And speaking of the Litha fire, this is the one in which you may burn your Yule wreath, as well as any old amulets and charms that you may wish to dispose of (as opposed to re-charging). The timing for this is exceptionally good this year, as we are in the darkest waning Moon, two days away from the New.

There is a great deal of lore regarding how to contact the Faery Folk on Midsummer’s Eve, if that is something you dare to do. For instance, one of my favorite rituals is based on The Greater Key of Solomon, which contains instructions for making an aspergillum using nine holy herbs.

Mentioned in a number of old texts, there is some debate about exactly which ones are being referred to. But one Green Witchcraft tradition that I practice suggests a lighting a cauldron fire and sprinkling it with wood betony (Stachys officinalis, also known as bishopswort), chamomile, either chervil, fennel or lavender, lemon balm, mullein, rue, St. John’s wort, thyme and vervain. (Because wood betony is not readily available for me, I ordinarily am obliged to forgo it, but I have not noticed any reduction in good effect.)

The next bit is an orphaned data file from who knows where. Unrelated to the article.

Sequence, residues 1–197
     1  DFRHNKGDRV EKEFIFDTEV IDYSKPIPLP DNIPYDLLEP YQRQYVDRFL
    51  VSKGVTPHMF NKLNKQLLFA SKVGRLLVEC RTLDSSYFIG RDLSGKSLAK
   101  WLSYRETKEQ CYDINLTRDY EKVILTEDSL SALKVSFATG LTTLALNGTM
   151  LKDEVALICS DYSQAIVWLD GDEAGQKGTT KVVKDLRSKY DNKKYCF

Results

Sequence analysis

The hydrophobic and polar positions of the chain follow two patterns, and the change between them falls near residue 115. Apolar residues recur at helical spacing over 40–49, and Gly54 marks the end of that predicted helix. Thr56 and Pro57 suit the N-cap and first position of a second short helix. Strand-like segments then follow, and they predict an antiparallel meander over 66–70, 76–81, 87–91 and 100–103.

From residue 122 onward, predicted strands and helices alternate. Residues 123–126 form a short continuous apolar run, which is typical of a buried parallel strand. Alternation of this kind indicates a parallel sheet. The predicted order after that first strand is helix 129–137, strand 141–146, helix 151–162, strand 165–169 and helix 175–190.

Caution – you should only burn this mixture outdoors with lots of ventilation; and people with sensitivities or women who may be pregnant should avoid this powerful smoke.

But otherwise, burning these lovely herbs together is one of the most delightful, simple, and truly fae experiences one can conjure! Scrying with the smoke is especially powerful, and in my experience, its magic is very enticing to the Shining Ones.

However you and your beloveds celebrate this magical night and the Longest Day tomorrow, take your sweet time, and feel the stillness, the mysterious opening that is between rising and falling. We stand on the sacred threshold, as the Light reaches its most intense and powerful.

Let us honor what we have planted, and together bid a fond farewell to Spring.

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  • June 20, 2009, 9:49 am Marieke

    Dear Beth, I have just recently discovered your blog. It is great! Thank you for sharing your insights! I wonder, how does something like a Midsummer Night 'work' in the tropics? I live in Suriname, on the north eastern coast of South America. We don't have summer or winter, we have rainy seasons and dry seasons, both long and short. Does the magic of such a night work for us too, or do we have different magical nights and days overhere?
    Blessings, Marieke

  • June 21, 2009, 6:23 am Beth Owl's Daughter

    Hi, Marieke! I'm so glad you're here! Welcome!